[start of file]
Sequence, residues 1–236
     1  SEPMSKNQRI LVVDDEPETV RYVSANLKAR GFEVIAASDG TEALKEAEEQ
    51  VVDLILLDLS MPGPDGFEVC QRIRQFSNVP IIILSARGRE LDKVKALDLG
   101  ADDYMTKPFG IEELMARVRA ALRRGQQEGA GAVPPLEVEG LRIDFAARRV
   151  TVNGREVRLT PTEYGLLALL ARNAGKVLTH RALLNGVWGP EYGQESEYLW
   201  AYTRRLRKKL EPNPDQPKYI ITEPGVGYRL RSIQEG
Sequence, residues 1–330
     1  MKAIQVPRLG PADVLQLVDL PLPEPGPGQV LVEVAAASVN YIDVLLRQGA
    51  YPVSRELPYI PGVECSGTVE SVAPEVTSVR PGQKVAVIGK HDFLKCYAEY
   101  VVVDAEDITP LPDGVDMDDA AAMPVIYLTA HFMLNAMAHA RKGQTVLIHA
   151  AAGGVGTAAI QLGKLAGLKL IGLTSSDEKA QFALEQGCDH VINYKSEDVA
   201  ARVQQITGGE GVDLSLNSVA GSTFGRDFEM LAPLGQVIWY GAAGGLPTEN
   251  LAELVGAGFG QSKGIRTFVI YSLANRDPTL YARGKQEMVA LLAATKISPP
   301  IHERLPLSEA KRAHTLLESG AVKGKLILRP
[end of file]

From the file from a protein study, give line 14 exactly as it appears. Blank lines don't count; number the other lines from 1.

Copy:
   301  IHERLPLSEA KRAHTLLESG AVKGKLILRP